Question of utility profits is contentious

WISCONSIN - The thorny issue of whether monopoly power companies should profit from energy efficiency nearly prevented unanimous support for a series of recommendations adopted by the state's global warming task force.

Papermakers objected to changing the way utilities earn their profit to reward energy efficiency. Energy-intensive industries such as NewPage Corp. that are already investing in energy efficiency want to see lower energy costs, not higher rates, paper council President Jeff Landin said.

At issue is a plan that state regulators will develop to allow utilities to continue to profit even as revenue falls, as the state implements aggressive moves to boost the energy efficiency of Wisconsin businesses and homes.

"This industry will do what we can to be environmentally conscious, but we can't do it without seeing savings," Landin said.

After wording in the interim report was changed in a few places, paper company representative Tom Scharff of NewPage agreed to support it and the report was adopted unanimously.

The report calls for Wisconsin to explore building wind turbines in the Great Lakes and proposes a dramatic boost in energy efficiency to reverse the state's growing appetite for energy.

Tia Nelson, task force co-chair, called the vote "a very major step forward," given that the task force included representatives of industry, electric utilities and environmental groups. The task force will hold a four-city public comment session, conducted by teleconference, from 4 to 7 p.m. March 19 in Milwaukee, Madison, Green Bay and La Crosse.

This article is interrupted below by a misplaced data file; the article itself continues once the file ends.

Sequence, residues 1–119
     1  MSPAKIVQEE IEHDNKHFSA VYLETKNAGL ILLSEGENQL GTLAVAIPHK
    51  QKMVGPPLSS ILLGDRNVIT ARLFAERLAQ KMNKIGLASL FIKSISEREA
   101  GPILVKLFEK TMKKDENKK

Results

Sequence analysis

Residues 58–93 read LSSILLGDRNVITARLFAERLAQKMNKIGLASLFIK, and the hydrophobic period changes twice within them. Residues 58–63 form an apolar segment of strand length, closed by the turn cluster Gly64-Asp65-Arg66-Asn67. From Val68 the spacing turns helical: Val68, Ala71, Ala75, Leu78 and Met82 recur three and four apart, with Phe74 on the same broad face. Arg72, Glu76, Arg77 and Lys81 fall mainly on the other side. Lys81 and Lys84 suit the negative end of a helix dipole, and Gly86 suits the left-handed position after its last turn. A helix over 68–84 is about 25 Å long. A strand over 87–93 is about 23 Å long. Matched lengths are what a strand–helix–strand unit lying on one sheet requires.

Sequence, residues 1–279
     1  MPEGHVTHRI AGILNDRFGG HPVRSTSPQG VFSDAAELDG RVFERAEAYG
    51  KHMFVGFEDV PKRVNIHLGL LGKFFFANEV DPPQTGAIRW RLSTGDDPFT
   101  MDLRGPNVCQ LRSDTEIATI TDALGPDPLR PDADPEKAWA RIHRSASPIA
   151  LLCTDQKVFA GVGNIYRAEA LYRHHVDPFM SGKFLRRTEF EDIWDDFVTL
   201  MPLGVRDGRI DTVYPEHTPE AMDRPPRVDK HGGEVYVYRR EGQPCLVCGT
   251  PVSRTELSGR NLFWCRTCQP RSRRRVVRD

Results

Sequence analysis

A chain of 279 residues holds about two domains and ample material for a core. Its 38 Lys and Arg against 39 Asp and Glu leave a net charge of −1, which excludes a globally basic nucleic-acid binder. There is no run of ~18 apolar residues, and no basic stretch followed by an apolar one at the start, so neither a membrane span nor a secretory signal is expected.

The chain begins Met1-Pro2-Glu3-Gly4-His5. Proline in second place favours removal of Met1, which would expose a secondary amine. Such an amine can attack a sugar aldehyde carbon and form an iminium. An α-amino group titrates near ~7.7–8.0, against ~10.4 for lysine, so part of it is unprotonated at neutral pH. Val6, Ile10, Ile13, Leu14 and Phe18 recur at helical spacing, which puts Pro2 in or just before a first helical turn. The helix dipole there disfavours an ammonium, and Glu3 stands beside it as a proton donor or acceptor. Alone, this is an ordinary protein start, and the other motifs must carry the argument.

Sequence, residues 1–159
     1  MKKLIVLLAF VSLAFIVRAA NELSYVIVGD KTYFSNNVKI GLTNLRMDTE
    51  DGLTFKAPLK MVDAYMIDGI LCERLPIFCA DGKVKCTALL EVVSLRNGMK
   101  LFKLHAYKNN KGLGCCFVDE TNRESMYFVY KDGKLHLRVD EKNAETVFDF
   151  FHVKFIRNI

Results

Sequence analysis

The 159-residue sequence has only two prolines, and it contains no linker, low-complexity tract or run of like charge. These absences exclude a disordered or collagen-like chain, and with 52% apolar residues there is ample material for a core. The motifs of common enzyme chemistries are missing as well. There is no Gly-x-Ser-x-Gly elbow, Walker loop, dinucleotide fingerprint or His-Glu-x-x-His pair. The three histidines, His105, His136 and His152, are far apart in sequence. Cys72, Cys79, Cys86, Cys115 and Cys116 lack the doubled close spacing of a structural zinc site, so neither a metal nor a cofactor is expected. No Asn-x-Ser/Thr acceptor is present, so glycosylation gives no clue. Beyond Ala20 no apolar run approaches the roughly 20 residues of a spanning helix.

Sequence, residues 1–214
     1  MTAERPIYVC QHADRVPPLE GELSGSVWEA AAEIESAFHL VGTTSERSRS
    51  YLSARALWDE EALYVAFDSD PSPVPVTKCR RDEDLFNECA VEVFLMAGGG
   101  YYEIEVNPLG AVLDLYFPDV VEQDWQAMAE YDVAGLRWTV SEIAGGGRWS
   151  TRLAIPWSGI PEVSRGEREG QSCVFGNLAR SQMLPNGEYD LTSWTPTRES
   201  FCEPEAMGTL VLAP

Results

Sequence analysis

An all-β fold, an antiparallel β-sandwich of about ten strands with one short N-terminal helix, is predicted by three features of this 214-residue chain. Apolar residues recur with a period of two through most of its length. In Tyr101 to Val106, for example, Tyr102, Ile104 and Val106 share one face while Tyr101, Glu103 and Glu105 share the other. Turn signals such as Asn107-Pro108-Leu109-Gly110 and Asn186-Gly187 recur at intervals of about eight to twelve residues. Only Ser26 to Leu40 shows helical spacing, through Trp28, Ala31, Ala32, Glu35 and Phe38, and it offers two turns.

Through energy efficiency, "we ought to do as much as we can because that will keep our businesses competitive, help reduce customers' bills and avoid building very expensive new power plants over the long term," task force co-chairman and utility president Roy Thilly said.

Thilly and Dan Ebert, chairman of the state Public Service Commission, said the renewable energy opportunity for Wisconsin provided by the Great Lakes could be a competitive advantage for the state. "It's incumbent on every state to maximize its competitive position," Ebert said.

"For the state of Wisconsin, that's in bioenergy, certainly because of our strong agriculture and paper industries. Another competitive advantage that we may very well have is wind from the lakes."

Industrial representatives are concerned what a big infusion of funding for energy efficiency will mean for energy costs in Wisconsin at a time when paper industry states in the Southeast aren't moving to respond to global warming. Papermakers are closing mills and don't need more restrictions on their ability to compete, Landin said.

The Public Service Commission will look for the most cost-effective energy efficiency projects, Ebert said, but providing more funds to cut energy use will be less costly for customers than building a new nuclear plant or coal-fired power plant.


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